Really, it can be very challenging to live in a foreign land where change comes in seemingly random ways from unanticipated quarters—forced onto us by seemingly uncaring unreasonable-but-powerful individuals in unexpected ways—all experienced using past-templates and past-models that just do not fit our new foreign “home”—Clashing with how we think things are done—Colliding with how we think things should be done—Jarring us out of our once-comfortable ruts.


How do we deal with the daily, sometimes-jarring inevitable changes? Do we……

Dive even deeper into our ruts?
Repeat our mantras-of-comfort?
Go buy something to distract ourselves?
Take a drink and escape into well-worn routines of “WTF?” or “WTH!”?
Phone a friend?
Reach-out and touch other members of our group seeking re-assurance from “reliable” people and people “we trust” who have similarly impaired abilities to understand what is happening— unknowingly nurturing ever-deeper thickets of US v. them?

Even when the “US”… are people we imagine must magically be ”like us“~ fellow clappers ~ Creating loud clapping by an apparent group of us‘s ~ who simply share similarly-impaired abilities to understand what is happening?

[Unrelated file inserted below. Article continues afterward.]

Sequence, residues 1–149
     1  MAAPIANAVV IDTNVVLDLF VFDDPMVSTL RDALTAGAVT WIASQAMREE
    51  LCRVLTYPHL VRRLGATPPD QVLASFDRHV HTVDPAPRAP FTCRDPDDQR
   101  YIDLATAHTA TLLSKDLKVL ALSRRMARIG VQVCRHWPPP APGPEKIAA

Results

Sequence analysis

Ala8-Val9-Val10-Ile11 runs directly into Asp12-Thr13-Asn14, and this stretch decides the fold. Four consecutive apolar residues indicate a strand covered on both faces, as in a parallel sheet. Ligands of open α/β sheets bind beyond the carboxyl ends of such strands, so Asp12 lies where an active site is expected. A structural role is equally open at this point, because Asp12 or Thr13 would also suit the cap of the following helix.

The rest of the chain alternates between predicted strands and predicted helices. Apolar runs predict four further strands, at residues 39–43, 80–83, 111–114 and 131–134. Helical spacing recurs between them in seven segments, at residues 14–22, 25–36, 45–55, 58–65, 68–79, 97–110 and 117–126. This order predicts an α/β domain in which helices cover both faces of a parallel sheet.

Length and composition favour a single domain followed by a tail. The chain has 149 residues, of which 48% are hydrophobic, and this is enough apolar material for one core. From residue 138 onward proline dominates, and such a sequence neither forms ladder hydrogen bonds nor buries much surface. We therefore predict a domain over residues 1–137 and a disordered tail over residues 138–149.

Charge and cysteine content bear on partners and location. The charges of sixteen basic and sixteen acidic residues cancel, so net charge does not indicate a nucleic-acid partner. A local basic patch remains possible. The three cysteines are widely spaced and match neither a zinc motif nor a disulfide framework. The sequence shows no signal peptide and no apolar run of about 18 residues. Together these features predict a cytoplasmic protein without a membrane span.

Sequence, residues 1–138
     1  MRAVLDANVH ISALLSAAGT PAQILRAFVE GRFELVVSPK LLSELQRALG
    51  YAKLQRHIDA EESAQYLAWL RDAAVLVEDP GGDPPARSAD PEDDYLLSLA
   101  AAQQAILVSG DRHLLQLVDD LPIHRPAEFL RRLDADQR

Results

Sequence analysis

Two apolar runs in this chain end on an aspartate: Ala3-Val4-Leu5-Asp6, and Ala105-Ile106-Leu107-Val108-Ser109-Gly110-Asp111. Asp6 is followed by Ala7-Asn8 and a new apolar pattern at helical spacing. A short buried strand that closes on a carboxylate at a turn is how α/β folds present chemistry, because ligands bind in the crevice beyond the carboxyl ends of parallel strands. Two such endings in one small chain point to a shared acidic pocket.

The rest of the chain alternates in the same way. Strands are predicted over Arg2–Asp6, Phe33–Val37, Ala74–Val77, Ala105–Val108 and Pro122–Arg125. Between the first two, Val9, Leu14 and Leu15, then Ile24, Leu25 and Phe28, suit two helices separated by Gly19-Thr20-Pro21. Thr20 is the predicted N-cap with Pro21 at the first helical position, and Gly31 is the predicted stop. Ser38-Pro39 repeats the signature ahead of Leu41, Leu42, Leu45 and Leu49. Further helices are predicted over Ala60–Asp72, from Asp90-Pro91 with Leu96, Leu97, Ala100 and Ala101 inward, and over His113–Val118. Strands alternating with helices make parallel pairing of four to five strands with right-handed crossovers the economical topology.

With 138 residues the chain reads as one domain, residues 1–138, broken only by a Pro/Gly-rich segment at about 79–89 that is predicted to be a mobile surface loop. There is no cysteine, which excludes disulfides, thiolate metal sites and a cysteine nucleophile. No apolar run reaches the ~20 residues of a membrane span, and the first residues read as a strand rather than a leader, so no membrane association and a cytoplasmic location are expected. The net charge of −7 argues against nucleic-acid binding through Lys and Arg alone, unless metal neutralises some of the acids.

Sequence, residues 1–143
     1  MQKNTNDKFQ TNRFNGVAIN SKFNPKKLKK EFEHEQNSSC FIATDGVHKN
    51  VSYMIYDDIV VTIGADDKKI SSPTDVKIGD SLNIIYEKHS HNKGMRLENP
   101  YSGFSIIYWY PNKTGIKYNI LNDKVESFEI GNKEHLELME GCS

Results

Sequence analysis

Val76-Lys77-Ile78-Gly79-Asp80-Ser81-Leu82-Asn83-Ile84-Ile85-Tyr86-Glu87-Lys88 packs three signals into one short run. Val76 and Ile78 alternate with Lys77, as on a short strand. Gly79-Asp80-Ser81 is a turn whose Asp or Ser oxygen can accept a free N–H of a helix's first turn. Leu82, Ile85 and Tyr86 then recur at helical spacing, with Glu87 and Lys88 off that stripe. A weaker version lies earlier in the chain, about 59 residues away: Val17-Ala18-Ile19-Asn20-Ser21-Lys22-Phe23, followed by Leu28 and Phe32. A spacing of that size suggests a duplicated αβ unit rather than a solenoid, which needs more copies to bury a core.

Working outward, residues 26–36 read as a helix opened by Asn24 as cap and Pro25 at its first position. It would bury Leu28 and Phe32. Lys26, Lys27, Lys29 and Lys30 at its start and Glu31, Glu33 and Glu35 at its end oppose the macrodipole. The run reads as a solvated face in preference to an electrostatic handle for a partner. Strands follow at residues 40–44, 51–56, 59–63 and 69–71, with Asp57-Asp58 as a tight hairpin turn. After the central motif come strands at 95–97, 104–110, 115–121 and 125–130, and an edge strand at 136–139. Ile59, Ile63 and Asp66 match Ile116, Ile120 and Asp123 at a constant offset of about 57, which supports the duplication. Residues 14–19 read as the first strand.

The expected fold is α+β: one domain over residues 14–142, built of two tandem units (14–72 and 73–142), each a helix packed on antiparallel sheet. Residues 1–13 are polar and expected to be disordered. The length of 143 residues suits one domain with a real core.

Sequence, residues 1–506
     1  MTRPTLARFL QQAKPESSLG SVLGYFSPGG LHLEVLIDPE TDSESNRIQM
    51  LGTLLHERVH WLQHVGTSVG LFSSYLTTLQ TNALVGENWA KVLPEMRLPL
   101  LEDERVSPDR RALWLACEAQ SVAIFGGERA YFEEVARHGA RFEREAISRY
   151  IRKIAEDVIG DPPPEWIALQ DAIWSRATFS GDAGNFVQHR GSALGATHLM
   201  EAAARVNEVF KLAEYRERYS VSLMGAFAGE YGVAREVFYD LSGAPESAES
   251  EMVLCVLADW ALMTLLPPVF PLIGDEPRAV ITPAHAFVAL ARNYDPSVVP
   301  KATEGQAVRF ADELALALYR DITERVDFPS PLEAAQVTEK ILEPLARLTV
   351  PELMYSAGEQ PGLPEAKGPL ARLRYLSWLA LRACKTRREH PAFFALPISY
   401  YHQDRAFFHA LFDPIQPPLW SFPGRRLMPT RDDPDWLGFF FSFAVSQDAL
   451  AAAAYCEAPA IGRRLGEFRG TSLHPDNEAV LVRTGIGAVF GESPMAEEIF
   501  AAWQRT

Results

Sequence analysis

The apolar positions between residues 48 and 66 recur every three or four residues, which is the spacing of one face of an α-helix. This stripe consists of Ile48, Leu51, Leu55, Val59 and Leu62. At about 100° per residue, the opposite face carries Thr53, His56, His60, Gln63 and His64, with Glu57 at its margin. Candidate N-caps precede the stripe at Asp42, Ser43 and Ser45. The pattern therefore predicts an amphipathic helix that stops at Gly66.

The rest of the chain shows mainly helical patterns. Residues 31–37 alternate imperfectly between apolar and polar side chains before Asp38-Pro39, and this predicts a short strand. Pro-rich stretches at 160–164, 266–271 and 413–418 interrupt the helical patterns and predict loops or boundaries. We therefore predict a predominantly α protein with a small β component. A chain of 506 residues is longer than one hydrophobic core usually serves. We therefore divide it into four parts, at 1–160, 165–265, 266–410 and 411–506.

Can you feel the power of the crowd? Can you feel its hunger for even more power? … its hunger for even more members … swelling Our Tribe to impressive proportions … driven by the drumbeats of conformance, building on internally-reflected waves of self-approval and assumed acceptance.

How dare one risk rejection in the face of such forces….

The Forces of the GET! – (gringo enclave tribes)

Just who do they think they are, making big fresh pot-holes in our carefully-rutted-roads?

Just what gives them the right … to disturb my world … OUR world?